Dr. Agnes Abuom, from the Anglican Church of Kenya, was elected unanimously by the WCC 10th Assembly on 8 November 2013 to serve as moderator of the WCC Central Committee. She is the first woman and the first African in the position in the history of the World Council of Churches.
Last fall Rev. John Dorhauer became the General Minister and President of the United Church of Christ, one of the National Council of Churches’ 38 member communions.
A leader many call a “visionary,” Dorhauer begins his term of office challenging his denomination to be serious about dealing with white privilege, church vitality, and the church’s traditional focus on justice, in a world where people are becoming less interested in the church in its institutional form. We will talk about his denomination, the challenges he’s encountered in his first months in office, his recent trip to the Middle East, and his hopes for the 2016 baseball season.
At a time in American history when technology has provided more possibilities for connection, unfortunately, society seems to be more fragmented and fearful than ever.
In the coming years, will religion be something that brings us together or drives us apart? What misconceptions do each of us hold about another person’s faith that make us afraid? A new campaign called, “Know Your Neighbor,” seeks to help us realize that our differences make us more interesting, not less. Getting to know our neighbors, whether they are people of a different faith, or of no faith, is a critical but joyful challenge for all Americans.
What is an appropriate relationship between a Christian and guns? As gun ownership is guaranteed by the 2nd Amendment and is increasing in popularity, Christians are free to seek the answer to this question for themselves, and emotions are strong in both directions.
In this episode of the National Council of Churches Podcast, we will talk to Rob Schenck, once a leader in an aggressive wing of the anti-abortion movement, who has come to see ending gun violence as a pro-life issue. We will discuss this controversial topic, along with his involvement in a new film by Abigail Disney entitled, “Armor of Light,” in light of the Apostle Paul’s instruction to the Church in Corinth that, ““All things are lawful,” but not all things are beneficial. “All things are lawful,” but not all things build up.”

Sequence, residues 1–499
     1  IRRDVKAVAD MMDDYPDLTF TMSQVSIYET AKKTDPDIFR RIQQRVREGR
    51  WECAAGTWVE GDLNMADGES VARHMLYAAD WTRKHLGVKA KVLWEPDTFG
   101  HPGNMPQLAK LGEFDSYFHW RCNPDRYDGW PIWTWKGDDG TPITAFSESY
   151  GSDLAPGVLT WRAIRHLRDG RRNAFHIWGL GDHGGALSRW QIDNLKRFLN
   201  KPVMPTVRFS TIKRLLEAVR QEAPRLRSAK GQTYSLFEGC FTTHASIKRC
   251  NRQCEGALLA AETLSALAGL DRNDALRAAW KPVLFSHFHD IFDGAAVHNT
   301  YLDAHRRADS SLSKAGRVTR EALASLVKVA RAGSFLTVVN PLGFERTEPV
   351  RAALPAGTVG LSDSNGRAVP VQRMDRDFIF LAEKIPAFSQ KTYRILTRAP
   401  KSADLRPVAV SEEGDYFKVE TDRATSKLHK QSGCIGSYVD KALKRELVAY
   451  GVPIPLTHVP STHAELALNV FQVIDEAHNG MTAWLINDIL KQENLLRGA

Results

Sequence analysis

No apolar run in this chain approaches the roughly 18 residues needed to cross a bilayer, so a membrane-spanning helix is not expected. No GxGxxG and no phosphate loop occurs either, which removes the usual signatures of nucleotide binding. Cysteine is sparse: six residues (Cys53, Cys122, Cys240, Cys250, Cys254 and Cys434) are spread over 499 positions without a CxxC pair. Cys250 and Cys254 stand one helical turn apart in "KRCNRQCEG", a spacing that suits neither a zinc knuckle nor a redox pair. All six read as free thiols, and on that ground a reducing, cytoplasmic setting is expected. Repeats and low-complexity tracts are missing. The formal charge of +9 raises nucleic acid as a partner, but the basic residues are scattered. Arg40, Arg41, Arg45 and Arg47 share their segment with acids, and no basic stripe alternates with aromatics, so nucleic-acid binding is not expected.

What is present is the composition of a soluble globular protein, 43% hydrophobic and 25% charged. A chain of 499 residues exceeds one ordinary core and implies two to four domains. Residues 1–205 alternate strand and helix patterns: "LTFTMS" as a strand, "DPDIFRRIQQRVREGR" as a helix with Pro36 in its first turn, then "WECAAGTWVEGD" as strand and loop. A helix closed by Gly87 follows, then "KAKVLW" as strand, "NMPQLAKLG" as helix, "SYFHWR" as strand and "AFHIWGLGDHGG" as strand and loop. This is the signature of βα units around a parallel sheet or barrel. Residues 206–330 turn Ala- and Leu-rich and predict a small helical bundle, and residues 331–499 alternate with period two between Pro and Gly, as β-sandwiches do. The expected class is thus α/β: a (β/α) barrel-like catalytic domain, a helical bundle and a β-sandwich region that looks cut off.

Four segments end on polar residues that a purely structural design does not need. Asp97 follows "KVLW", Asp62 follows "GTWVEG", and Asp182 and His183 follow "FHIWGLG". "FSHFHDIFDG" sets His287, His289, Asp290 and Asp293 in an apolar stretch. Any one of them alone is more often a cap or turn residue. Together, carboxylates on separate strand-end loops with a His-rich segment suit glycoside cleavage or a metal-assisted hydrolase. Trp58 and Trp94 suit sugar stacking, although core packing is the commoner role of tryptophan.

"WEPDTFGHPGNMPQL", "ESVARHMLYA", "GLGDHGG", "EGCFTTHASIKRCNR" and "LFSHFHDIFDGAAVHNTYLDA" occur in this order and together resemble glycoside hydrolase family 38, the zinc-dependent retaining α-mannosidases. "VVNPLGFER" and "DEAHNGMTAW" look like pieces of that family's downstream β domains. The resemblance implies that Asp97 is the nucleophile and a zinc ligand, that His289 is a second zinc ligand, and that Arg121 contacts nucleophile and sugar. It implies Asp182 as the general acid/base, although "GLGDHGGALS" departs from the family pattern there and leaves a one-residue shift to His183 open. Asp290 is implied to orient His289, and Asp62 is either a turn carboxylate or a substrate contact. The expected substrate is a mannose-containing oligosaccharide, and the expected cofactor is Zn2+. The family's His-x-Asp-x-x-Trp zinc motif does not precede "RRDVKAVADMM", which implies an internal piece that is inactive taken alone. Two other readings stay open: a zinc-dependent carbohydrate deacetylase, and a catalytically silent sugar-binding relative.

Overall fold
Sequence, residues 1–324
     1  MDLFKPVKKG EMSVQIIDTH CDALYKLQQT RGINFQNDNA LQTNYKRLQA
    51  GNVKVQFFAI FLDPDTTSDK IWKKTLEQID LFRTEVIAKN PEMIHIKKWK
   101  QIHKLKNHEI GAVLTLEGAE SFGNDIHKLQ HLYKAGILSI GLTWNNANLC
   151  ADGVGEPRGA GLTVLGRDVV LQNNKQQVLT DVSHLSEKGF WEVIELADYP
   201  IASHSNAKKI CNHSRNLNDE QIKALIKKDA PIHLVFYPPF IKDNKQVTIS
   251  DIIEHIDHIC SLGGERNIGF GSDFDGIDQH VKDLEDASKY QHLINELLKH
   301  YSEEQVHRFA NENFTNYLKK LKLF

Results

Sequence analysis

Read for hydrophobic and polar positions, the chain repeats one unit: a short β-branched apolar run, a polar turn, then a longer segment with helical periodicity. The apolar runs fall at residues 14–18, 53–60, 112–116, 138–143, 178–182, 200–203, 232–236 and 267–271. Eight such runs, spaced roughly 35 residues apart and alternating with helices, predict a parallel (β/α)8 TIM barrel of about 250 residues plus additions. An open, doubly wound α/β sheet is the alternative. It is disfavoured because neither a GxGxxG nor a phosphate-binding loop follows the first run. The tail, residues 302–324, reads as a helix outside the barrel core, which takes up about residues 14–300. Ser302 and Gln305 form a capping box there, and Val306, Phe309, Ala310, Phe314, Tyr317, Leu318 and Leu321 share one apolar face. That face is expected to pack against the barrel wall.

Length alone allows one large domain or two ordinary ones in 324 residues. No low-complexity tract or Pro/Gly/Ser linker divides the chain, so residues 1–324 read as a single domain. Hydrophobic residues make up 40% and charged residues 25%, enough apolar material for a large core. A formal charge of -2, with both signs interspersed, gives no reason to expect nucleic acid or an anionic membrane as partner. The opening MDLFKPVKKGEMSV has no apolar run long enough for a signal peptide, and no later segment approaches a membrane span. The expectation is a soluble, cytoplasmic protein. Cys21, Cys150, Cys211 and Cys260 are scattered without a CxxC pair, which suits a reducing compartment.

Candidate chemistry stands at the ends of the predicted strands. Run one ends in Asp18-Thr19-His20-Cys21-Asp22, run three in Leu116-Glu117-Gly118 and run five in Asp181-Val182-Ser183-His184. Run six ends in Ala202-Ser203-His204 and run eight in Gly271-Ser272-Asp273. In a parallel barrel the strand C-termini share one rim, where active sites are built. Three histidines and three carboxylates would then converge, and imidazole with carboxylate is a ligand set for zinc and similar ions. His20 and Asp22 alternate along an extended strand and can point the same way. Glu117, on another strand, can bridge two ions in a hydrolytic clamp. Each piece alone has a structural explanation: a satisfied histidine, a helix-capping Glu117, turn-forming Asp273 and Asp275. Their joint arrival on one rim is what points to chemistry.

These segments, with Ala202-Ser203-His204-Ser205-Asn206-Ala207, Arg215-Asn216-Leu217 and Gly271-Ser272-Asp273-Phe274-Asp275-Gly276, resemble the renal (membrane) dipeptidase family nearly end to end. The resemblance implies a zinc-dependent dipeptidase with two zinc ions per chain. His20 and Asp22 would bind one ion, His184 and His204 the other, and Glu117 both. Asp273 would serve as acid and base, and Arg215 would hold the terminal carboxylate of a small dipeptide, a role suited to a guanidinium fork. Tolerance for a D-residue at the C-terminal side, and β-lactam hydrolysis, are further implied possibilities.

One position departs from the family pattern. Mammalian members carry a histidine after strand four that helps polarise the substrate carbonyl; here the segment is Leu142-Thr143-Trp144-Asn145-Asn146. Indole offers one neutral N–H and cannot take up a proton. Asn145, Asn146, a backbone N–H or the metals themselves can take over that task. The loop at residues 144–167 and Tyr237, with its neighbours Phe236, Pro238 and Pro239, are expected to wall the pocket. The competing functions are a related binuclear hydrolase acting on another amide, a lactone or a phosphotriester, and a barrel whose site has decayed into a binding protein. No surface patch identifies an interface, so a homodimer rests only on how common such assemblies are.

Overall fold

Many churches today are involved in ministry to people who are serving time in prison. But a growing number of churches are becoming involved in ministry to prisoners AFTER they are released.
In this episode of the National Council of Churches Podcast, we will talk to Rev. Dr. Harold Dean Trulear, who teaches at Howard University, and leads a network focused on cutting recidivism by helping the incarcerated effectively reenter society. We will talk about the problems of adjusting to life outside prison walls and how churches can be involved in this life-saving ministry.
Has mass incarceration become part of what is seen today as a good business model? What effect has privatization had on the rehabilitation of prisoners?
Today we will discuss the profit motive as one of the forces behind the mass incarceration crisis, and, specifically, how companies that provide mental health services in the prison system are incentivized to make the problem works, not better.
Issues surrounding war and peace are as controversial today as they have been in the past. Among the member communions of the National Council of Churches, approaches to war and peace are as varied as are the communions themselves.
In this episode we’ll talk with Nathan Hosler with the Church of the Brethren’s Office of Public Witness about his denomination, its understanding of Pacifism as a way of following Jesus, and how this is lived out among hundreds of thousands of Church of the Brethren members living in northern Nigeria, where the militant group Boko Haram has caused untold suffering.